At 36, Edwaard Liang has made the transition from ballet dancer to a nationally respected choreographer with a creative prowess even stretching into costume design. His work “As Above, So Below” is currently making its debut by the Washington Ballet at Sidney Harman Hall as part of its production of Carmen.
Liang, who started his ballet training at the age of five and joined the New York City Ballet in the early 1990s, talked to us between rehearsals about his creative journey and how his experience as a dancer influences his role as choreographer.
“Music is what starts the whole process of choreography for me. I just keep listening to the music over and over again... the ideas and images start coming to me. I usually know that if it gives me chills... then I really want to use this piece of music for my choreography.
“First day of rehearsal is always the best for me. It’s like a blank piece of canvas waiting to be filled. It makes me feel like there are endless possibilities. I am usually pretty nervous on opening nights. The feeling is not that enjoyable. I love the process so much more than the end product.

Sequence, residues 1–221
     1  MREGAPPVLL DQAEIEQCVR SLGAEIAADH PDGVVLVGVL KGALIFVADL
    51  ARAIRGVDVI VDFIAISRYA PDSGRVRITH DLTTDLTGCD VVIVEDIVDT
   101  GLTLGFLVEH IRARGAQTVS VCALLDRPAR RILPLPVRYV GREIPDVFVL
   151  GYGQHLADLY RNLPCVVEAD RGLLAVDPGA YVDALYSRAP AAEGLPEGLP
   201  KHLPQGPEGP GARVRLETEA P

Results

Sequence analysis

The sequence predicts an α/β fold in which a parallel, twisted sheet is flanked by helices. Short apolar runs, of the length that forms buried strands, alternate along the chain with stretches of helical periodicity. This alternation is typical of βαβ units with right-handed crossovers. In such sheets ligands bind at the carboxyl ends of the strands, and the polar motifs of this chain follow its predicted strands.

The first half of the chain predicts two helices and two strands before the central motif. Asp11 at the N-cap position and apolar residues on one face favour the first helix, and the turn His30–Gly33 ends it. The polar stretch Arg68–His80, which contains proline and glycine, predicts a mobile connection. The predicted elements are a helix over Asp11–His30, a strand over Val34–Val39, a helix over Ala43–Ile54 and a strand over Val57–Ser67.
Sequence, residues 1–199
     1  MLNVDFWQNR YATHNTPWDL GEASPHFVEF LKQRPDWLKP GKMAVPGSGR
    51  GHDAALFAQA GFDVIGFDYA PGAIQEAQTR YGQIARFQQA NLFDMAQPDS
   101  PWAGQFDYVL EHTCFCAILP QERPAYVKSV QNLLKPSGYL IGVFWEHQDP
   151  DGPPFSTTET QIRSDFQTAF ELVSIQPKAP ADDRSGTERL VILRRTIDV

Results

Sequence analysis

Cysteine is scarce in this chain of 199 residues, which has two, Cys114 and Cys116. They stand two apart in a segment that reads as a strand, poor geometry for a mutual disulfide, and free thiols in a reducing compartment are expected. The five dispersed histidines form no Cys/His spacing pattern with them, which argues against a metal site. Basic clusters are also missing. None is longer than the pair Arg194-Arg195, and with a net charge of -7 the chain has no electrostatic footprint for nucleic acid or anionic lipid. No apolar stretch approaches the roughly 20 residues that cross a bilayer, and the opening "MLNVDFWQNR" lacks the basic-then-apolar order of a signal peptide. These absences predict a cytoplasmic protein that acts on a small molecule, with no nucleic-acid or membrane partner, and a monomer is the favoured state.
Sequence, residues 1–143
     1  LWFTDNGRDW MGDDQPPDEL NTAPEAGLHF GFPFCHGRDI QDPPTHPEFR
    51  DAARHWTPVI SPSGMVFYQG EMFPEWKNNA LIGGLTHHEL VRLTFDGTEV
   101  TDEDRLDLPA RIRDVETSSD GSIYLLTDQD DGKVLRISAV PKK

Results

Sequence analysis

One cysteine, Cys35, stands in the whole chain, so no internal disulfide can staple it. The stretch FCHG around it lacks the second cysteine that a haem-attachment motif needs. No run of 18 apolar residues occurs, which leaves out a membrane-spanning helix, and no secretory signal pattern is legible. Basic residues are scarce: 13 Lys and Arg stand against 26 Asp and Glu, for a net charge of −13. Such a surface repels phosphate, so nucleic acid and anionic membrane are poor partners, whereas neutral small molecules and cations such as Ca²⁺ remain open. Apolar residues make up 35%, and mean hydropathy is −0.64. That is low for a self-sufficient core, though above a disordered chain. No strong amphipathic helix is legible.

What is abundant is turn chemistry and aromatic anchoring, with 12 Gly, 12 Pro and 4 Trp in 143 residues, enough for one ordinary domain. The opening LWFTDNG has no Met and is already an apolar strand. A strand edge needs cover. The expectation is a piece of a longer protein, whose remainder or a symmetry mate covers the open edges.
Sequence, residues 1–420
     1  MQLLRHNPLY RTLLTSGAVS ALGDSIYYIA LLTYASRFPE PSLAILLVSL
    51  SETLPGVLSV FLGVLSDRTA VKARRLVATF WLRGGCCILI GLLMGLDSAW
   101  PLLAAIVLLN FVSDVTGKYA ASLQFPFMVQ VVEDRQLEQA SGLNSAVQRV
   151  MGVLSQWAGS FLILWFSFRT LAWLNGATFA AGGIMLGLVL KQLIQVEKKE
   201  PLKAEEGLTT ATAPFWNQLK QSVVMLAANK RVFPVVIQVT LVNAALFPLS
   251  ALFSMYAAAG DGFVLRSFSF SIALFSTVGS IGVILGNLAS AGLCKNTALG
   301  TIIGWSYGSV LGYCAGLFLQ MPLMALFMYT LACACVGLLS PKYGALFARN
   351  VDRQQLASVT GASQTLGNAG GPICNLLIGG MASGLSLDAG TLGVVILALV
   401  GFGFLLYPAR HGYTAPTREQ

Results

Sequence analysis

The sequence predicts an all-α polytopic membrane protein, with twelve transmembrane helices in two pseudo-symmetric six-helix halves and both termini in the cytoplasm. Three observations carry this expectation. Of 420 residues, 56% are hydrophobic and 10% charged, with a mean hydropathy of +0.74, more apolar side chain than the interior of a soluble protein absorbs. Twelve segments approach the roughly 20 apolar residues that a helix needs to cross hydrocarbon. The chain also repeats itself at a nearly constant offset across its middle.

“ I don’t really have a strategy (for inspiring dancers). I try and understand what the dancers’ needs are to mentally and physically flourish. I try to inspire them by making choreography that is tailored to the dancers and make them feel comfortable. I usually have a clear idea and point of view about my work... but try my best to be open to how they feel in order to make the choreography better.
“I think having been a dancer in the past makes me work at being respectful of the dancers that make my work come alive. They use their body, mind and soul to create the ballets for me and with me...I am always really humbled by them.”